Child Youth and Family (CYF) has been using motels when it has nowhere else to place children.
Newshub has learned hotels and motels are being used to place children when there are no foster parents or caregivers to take them in - however no one knows how widespread the practice is.
"In emergency situations or where a placement is needed but no one is immediately able to house a child or young person, Child, Youth and Family may place a child in temporary accommodation," the Ministry for Social Development said in an Official Information Act response.
There's no real way of knowing if the numbers of children staying in motels are on the rise because the Ministry doesn't collect statistics.
Instead, the information is held on "hundreds" of individual files that they are refusing to collate as it would take too much resource to do so.
In some cases it appears that CYF is leaving young people - a youth over the age of 16 - in the motels without a minder.
It says adult minders are assigned to all children but only in "most cases" to young people too.
Social Development Minister Anne Tolley said motels are only ever used as a temporary measure.
"Accommodation such as hotels and motels are only ever used as a placement option for young people in exceptional circumstances," she said.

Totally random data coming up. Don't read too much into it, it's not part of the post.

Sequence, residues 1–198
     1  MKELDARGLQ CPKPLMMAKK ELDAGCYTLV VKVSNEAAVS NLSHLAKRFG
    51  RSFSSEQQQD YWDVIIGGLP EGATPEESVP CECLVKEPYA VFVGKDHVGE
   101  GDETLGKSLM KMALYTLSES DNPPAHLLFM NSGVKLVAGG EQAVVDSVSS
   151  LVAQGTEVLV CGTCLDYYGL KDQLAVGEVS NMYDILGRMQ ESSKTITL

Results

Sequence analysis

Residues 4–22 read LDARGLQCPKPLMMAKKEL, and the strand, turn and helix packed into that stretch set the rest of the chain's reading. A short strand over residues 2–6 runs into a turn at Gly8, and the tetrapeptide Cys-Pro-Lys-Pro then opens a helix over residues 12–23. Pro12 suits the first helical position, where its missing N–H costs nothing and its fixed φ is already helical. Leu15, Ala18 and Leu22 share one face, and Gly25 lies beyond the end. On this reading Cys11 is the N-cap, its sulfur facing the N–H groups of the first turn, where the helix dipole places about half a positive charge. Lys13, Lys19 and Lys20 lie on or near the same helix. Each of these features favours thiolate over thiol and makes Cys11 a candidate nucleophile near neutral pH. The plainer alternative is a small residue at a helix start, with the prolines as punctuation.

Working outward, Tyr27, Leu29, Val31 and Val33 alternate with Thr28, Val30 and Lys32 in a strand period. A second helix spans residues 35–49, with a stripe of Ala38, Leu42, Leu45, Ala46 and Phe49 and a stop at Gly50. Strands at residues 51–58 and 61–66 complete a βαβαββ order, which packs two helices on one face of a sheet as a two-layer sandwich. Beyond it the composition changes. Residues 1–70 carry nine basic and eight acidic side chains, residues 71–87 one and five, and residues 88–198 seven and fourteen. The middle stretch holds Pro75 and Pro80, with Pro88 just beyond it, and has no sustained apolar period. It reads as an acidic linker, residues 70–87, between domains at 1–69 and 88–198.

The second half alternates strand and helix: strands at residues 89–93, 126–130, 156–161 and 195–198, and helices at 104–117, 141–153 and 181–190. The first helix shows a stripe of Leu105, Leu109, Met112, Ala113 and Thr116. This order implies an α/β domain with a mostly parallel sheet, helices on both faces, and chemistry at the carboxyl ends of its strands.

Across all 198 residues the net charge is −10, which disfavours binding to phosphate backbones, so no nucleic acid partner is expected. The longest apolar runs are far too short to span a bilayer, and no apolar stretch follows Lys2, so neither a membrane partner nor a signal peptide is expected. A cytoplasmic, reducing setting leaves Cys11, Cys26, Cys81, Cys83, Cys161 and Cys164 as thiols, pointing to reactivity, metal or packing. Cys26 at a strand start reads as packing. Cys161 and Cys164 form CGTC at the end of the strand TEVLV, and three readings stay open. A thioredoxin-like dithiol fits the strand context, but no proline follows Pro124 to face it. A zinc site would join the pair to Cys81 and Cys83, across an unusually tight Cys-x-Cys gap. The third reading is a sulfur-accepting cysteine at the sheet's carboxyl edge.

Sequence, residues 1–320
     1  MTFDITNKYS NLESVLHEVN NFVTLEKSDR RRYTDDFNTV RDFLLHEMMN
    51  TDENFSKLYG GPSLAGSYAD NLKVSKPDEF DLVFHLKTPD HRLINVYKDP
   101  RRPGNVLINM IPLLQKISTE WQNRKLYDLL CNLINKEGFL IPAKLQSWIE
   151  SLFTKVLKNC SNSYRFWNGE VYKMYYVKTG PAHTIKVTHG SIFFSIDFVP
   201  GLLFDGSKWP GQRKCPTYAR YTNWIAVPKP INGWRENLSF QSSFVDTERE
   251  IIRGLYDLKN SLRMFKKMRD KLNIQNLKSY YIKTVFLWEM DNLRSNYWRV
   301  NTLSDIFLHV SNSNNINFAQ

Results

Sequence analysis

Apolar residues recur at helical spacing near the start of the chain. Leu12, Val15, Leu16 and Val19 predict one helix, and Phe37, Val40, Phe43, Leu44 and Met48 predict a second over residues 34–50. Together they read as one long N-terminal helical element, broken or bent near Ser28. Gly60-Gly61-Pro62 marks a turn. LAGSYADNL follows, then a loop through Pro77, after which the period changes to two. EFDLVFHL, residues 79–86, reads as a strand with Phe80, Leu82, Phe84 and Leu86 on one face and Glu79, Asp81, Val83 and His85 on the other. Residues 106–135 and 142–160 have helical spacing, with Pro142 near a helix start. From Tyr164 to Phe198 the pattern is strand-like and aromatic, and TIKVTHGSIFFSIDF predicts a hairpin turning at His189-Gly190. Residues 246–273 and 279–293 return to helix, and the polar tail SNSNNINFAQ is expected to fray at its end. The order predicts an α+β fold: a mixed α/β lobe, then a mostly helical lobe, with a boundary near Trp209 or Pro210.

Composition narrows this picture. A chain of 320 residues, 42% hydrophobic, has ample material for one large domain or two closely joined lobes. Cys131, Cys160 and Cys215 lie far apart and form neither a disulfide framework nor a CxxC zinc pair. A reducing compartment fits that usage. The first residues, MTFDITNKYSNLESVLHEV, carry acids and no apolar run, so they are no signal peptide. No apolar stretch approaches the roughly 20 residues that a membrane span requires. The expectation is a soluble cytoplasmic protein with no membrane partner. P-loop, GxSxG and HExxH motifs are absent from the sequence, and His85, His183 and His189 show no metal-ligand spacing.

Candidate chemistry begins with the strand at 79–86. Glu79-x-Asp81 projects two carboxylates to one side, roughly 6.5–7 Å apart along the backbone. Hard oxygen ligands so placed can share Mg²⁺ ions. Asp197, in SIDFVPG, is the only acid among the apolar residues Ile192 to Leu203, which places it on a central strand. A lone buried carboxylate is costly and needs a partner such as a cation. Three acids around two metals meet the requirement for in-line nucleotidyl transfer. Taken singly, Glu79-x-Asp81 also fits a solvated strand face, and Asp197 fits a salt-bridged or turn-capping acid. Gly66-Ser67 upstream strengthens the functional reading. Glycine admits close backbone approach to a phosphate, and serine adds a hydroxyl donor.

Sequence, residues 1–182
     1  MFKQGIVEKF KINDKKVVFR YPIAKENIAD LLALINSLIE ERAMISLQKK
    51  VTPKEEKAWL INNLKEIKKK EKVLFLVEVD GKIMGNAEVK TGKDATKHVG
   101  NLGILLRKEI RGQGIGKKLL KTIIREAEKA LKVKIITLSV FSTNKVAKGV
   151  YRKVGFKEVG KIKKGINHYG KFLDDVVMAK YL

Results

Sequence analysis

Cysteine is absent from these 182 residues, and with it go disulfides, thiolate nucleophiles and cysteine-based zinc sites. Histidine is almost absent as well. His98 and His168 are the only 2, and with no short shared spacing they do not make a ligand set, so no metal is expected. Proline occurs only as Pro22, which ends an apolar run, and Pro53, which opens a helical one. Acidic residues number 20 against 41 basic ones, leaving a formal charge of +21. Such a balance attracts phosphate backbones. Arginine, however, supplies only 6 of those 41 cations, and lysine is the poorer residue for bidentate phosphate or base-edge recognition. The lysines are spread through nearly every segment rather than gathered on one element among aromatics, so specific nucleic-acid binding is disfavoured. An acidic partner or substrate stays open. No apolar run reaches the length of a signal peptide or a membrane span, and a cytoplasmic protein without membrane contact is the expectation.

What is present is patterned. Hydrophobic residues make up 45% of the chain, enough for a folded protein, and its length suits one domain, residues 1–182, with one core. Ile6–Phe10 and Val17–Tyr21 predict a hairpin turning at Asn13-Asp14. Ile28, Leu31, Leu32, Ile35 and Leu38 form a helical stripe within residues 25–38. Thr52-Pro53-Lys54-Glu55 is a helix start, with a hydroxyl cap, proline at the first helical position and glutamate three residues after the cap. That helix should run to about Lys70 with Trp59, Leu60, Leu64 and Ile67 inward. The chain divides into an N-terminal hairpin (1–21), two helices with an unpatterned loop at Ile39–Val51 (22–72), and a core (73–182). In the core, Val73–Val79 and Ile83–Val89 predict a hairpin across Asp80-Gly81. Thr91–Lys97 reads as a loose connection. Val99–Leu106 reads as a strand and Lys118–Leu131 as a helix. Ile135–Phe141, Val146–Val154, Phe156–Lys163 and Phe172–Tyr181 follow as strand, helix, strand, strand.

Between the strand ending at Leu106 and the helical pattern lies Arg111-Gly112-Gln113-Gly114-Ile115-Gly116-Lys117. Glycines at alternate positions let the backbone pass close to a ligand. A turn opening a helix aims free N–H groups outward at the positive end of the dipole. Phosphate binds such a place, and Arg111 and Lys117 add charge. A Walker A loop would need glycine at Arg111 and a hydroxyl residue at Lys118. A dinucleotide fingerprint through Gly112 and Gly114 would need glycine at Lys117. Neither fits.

CYF general manager for operations Greg Versalko said in a a statement that such placements were always temporary.
"Examples of such circumstances might be where a young person is being moved to a CYF residence in another part of the country and flights are not available until the following day, or when there is no suitable family or other option available at the time" he said.
"They are typically only overnight, although it might be for longer in some circumstances."
Labour's spokeswoman for children, Jacinda Ardern, says motels are no place for vulnerable children.
"These are vulnerable young people who are being taken into a sterile environment having probably just gone through a traumatic experience. In other circumstances they might be youth justice situations, either way a hotel is not an appropriate place for these young people to be."
Ms Ardern thinks the least the Ministry should be doing is collecting data.
"One of the things we're completely in the dark over is how wide scale and for how long this issue has been going on," she said.
"It makes it very hard for us to see if this is a systemic ongoing problem and what we need to do to remedy it, because the Ministry simply can't tell us."
Mr Versalko said the decision to place a child or young person in such accommodation would be made by the young person's social worker in consultation with their supervisor, and must be approved by a manager.
"In placing a young person or child in a motel the safety and wellbeing of the child or young person would be our paramount concern. We would also consider the interests of the motel and other guests."